Dodart's interests and relative youth made him a plausible replacement for Duclos as director of the natural history of plants. Duclos's papers focused on experimental or theoretical chemistry, while Dodart was fascinated with all natural phenomena. Dodart supervised the natural history and chemical analysis of plants energetically. Duclos, however, was preoccupied with his books on mineral waters and on alchemical subjects. Since Duclos was at least thirty-five years older than Dodart, his flagging energy and waning interest in all but his favorite projects make Dodart's assumption of the natural history of plants even more understandable. Yet Duclos did not happily relinquish his responsibility to the new junior colleague. Thus Dodart's interests and qualifications do not explain a succession that was forced rather than amicable.
Duclos's espousal of Platonist and Paracelsian views and his lifelong alchemical study complete the explanation. He made no secret of these interests, which he presented to his colleagues in several papers during the 1660s. For a while the Academy tolerated Duclos's pursuits. Later it feared embarrassment should his leanings become associated in the public mind with the institution itself, and academicians went so far as to refuse Duclos permission to publish one of his books.
Duclos deeply resented Dodart's usurpation and counterattacked by maligning his editorial, scholarly, and collegial integrity. He accused Dodart of writing badly and reproached him for ignorance and careless reasoning. He unfairly denied that the Academy asked Dodart to write the Mémoires des plantes . Most important, Duclos criticized Dodart for misrepresenting the Academy. Dodart, he claimed, attributed ideas improperly to the Academy, represented his own views as those of his colleagues, portrayed the opinions of a few as if all academicians accepted them, and misrepresented theories he did not share. Duclos claimed that Dodart failed to collaborate with other academicians who had directed the research. The truth was that Dodart had simply rejected many of Duclos's views. Finally, Duclos was appalled because Dodart's book elaborated methodological issues instead of presenting conclusions about the nature of plants. At the heart of their disagreement was an argument about the purpose of analyzing plants chemically: Duclos had anticipated substantial insights into the nature of plants, but Dodart found the analyses more beneficial for medicine. Duclos's animosity, therefore, had both personal and professional aspects; the latter, which focused on the purposes of chemical analysis, will become clearer in the following chapter.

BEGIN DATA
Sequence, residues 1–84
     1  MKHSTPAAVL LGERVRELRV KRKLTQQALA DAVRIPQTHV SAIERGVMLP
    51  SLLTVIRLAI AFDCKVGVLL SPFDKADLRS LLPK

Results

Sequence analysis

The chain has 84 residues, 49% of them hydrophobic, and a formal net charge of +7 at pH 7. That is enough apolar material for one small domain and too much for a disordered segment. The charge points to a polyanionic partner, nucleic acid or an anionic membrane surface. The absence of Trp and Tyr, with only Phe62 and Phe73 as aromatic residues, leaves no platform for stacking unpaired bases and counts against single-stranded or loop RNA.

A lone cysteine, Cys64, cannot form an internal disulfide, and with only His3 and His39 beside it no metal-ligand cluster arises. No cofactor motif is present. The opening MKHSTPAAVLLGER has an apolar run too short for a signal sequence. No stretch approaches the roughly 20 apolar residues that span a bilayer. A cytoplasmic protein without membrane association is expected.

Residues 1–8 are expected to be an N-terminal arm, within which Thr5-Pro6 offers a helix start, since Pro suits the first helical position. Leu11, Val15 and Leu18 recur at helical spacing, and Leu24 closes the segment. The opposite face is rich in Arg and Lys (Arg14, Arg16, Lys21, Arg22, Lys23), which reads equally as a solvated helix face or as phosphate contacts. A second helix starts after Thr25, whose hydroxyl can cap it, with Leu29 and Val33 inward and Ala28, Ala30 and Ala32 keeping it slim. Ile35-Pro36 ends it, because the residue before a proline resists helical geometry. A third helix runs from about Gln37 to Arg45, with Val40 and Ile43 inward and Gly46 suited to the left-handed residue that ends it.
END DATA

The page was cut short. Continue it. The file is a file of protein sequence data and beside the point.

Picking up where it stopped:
Dodart certainly used his editorial power to alter the project, and his Mémoires des plantes was a very different book from anything Perrault or Duclos had conceived. It enumerated the obstacles to carrying out Duclos's instructions of 1668. In contrast, Marchant's Descriptions de quelques plantes nouvelles simply ignored them. Duclos had hoped to establish from the chemical analyses a theory with practical applications, but Dodart declared such efforts fruitless and advocated a more pragmatic use of Bourdelin's findings. It is not surprising therefore that Duclos perceived the book as a disavowal of his views.
Dodart claimed that the Mémoires des plantes was the first stage of a more comprehensive study of plants and a showpiece of collaboration.
Both claims were only partly correct. The Academy never published the natural history of plants as conceived, and its cooperative research foundered on personal and substantial quarrels. Several problems imperiled the project. There was no perfect correspondence between descriptions and illustrations, with some plants described but not engraved and others engraved but not described. Funding was inadequate. Academicians disagreed about the style and content of descriptions, had to invent a botanical vernacular, and lacked simple criteria for selecting plants. Despite repeated revisions, illustrations remained inadequate and descriptions did not reflect the Academy's recommendations. The surviving notes reveal disagreements and delays in correcting problems.
Still another issue — the chemical analysis of plants — divided academicians and jeopardized the natural history. Academicians' expectations and difficulties form the subject of the next chapter, which explains why they persisted with such recalcitrant research.